Tag: used cars

New Year, New Car

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Between the New Year and tax season, it’s car buying season. By allowing yourself to sear across the nation you vastly expand the likelihood of finding the perfect car. But when buying any secondhand car there are a number of things you should look out for. So, before you can start your long-distance search, it’s important to understand the advantages of buying secondhand, as well as the potential disadvantages and to avoid them.

Why Buy a Used Car?

Few things excite avid car enthusiasts like buying a brand new car. New cars even a distinct smell – and to car lovers, this smell is better than even the best French perfume. Unfortunately, buying a new car straight from the manufacturer has its disadvantages, especially when it to finances.

Sure, novelty of buying a new makes it seem exciting, but here are some reasons why used cars often make for a better investment:

  • Used cars cost less. If you wait just a year before buying a new car model you’ve been eyeing, you can pay up to 19% less for a car that’s basically still brand new.
  • Your car’s value won’t depreciate as fast. Cars cost about 19% less after one year, and you’d be the one losing that money if you bought new instead of used. The first time you drive your new car, its value will depreciate by approximately 11%. While used cars also lose value, it will be more gradual.
  • Avoid dealers. Sometimes you can buy a pretty good car from a private seller, this will further lower the price you pay for your car, as you won’t have to worry about added fees dealers might charge. But keep in mind that buying from a private seller can complicate paperwork somewhat.
  • Registration can be cheaper. In some states, your annual registration fees will be more expensive if your car model is newer.
  • Used cars can be just as good. Buying a used car might not feel like something to brag about, but being smart is definitely better than being ostentatious. If your used car can get you from point A to point B and you don’t need to sacrifice on luxury or fuel efficiency, what are you really missing? But new cars cost thousands of dollars more, and you’re sure to miss that.

Obviously, buying used is the thrifty way to go. So although used cars are better for any occasion, they’re especially better if you want to a low-budget option that will be reliable. This makes used cars perfect for when you’re buying a car for a teenage driver, as you can pick something with safety benefits without blowing the bank.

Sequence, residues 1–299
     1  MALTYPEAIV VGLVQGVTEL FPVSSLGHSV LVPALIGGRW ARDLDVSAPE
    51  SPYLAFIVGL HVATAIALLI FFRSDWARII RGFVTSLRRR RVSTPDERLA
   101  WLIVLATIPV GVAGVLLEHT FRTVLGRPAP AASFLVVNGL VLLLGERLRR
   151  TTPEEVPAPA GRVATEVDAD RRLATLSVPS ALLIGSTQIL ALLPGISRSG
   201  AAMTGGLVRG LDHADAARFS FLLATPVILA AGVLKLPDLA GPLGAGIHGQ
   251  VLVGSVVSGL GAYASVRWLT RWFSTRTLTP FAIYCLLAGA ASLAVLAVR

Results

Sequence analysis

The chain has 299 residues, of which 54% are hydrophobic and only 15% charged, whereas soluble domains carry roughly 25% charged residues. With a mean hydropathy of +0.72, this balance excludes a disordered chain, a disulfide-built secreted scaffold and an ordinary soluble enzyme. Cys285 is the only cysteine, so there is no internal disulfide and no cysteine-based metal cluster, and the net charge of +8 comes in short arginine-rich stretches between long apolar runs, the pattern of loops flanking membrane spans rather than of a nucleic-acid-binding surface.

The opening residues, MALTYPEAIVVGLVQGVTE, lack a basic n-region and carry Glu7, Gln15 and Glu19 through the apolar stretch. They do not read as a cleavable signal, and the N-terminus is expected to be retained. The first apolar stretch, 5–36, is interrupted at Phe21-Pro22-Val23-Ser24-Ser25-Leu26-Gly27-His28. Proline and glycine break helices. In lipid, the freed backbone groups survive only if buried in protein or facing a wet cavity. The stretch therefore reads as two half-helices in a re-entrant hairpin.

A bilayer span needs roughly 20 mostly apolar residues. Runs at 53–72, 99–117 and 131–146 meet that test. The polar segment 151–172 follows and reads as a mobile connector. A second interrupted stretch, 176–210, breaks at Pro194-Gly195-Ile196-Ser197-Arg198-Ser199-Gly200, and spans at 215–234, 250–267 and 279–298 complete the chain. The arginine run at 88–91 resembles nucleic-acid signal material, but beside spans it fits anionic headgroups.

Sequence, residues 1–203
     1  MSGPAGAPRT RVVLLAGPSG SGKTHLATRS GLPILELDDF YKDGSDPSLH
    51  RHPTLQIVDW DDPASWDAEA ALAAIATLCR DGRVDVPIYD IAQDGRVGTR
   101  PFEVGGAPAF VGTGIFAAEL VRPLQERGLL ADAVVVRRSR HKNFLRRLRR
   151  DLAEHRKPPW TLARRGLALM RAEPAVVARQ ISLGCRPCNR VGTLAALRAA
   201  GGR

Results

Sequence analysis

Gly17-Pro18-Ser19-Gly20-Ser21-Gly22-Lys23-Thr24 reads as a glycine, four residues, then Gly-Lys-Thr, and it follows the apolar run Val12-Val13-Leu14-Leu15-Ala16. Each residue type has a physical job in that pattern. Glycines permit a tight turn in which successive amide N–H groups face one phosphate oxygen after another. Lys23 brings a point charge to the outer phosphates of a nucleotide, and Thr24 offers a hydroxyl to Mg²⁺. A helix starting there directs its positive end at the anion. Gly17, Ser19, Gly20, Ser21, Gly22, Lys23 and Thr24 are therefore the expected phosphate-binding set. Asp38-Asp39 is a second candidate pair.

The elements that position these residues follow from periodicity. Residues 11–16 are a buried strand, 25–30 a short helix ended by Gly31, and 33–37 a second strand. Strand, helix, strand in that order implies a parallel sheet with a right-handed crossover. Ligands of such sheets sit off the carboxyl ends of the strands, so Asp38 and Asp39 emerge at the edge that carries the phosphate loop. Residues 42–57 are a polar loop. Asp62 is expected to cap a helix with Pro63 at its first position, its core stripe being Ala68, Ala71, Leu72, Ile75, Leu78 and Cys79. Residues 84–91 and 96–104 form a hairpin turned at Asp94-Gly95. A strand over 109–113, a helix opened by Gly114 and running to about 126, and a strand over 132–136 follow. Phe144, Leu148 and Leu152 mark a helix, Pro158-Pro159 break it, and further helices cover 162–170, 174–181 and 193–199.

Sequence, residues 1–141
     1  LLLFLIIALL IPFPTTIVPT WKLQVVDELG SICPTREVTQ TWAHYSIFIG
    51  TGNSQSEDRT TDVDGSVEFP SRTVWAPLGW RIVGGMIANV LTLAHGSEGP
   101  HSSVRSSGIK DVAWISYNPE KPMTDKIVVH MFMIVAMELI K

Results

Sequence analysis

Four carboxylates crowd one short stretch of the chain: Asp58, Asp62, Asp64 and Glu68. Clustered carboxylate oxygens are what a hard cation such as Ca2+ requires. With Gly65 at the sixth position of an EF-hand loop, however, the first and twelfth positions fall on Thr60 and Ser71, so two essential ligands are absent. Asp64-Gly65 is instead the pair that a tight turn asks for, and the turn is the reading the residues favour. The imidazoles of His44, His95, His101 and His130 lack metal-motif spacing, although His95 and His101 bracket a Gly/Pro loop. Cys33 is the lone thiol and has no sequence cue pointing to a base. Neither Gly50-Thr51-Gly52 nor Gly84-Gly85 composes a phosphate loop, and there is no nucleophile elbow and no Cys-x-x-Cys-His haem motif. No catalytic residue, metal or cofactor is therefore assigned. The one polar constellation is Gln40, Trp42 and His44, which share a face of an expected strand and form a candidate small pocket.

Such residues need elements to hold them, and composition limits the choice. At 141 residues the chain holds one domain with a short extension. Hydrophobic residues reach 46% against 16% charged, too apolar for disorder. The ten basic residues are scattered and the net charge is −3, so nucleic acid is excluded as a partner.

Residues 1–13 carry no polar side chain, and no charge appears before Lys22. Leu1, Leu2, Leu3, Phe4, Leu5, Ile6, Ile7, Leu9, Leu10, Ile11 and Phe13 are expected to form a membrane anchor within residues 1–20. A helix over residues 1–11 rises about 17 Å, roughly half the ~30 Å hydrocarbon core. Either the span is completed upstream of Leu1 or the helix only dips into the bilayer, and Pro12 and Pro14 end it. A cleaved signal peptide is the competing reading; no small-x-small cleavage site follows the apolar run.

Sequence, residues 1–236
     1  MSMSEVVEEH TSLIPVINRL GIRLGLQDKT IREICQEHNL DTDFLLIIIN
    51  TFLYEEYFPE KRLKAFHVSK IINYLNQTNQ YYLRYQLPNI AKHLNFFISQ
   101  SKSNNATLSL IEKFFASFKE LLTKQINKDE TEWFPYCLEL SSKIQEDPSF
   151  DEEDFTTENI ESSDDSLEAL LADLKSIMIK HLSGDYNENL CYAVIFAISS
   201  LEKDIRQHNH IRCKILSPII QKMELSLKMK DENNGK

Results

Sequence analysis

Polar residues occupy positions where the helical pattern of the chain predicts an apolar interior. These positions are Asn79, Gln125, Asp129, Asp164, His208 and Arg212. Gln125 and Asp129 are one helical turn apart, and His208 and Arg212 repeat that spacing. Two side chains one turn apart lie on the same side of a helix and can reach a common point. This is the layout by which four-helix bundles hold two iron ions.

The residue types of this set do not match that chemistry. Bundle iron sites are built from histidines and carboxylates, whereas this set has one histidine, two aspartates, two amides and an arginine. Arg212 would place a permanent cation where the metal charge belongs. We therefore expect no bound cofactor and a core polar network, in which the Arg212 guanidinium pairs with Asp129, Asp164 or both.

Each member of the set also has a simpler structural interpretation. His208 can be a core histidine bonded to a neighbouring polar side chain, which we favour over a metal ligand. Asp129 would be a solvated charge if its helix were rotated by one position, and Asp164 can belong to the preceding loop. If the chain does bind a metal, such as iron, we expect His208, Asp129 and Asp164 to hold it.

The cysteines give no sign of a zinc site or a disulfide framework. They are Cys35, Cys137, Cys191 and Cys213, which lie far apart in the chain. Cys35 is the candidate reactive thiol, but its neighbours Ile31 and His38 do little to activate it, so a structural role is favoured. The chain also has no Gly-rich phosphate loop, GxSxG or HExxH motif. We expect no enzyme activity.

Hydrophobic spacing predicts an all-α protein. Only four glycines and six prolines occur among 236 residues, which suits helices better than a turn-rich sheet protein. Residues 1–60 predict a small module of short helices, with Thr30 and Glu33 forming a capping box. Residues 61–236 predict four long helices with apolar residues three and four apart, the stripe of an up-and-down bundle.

Used Car Checklist

Don’t buy a lemon! Buying a bad car might lose you all the money you saved by not buying new, so to make used car buying worthwhile, the car you buy should be in tiptop shape.

Here’s what buyers should look for when buying a used car:

  • Check that the width of spaces between panels are equal. If the spacing between panels vary from place to another, there’s a good chance the car was in an accident. When buying a car long-distance, asking for photos of all the spaces can help. If the seller has nothing to hide, the photos will be taken from good angles, allowing you to easily see whether they’re equal all over.
  • Avoid rust. While it can be difficult to spot rust on photos, a car is more likely to have rust if it comes from a city or town that’s right next to the coast.
  • Is the color consistent throughout all the panels? If one panel looks repainted, the car was almost definitely involved in an accident.
  • Ask for photos of the tires. If all the tires are worn about equally, the wheel alignment won’t cause problems, but look out if one if worn significantly more than the others.
  • Ask for photos of the engine. The engine should be clean, a dirty engine can be a sign that the car was neglected.
  • Ask for a video of the car idling. This will help you to hear of there are any strange noises coming from the engine.
  • Ask for photos of the interior. You want the interior to look clean, well-maintained and good as new.

Buying long-distance complicates things somewhat, but it’s completely possible to find a great car, even if you buy it from the opposite side of the country.

A great tip is to focus on car listings that already have a lot of photos. Also check that the information in the description fits the car on the photo. If the description says the car is blue, but the one in the photos is black, it’s either because the seller made a mistake, or the listing might be a bit sketchy.

Apart from the checking the specific car that you’re buying, it’s also good to check up on the make and make and model you want to buy. The US Department of Transportation has an online lookup tool where you can easily see if the car you want to buy has any recalled parts. If so, you’ll have to add that onto your list of things to consider when looking at a specific car you want to buy. Of course you can still buy a car with recalled parts, but you’ll need to check that the seller of the one you’re buying has replaced them.

Should Dealers Be Selling Used Cars with Potentially Deadly Takata Airbags?

There are recalls for products all the time: dog food, kid’s toys, tools, the list goes on. Having a part recalled in your vehicle can be a scary reality. And when that recall is for a part that is meant to save your life, if the time comes, it becomes a bigger problem. How are you to know if you’re getting a used car with a defective part inside? Should this be legal for dealers to get away with?

There are about 29 million vehicles currently under a recall that has been linked to 11 deaths and 180 injuries. Still, most cars and trucks affected by the recall are actually considered by federal regulators to be safer with the potentially faulty airbags than without them, and the National Highway Traffic Safety Administration (NHTSA) is advising people not to deactivate the airbags in their cars or trucks.
Read here to learn more.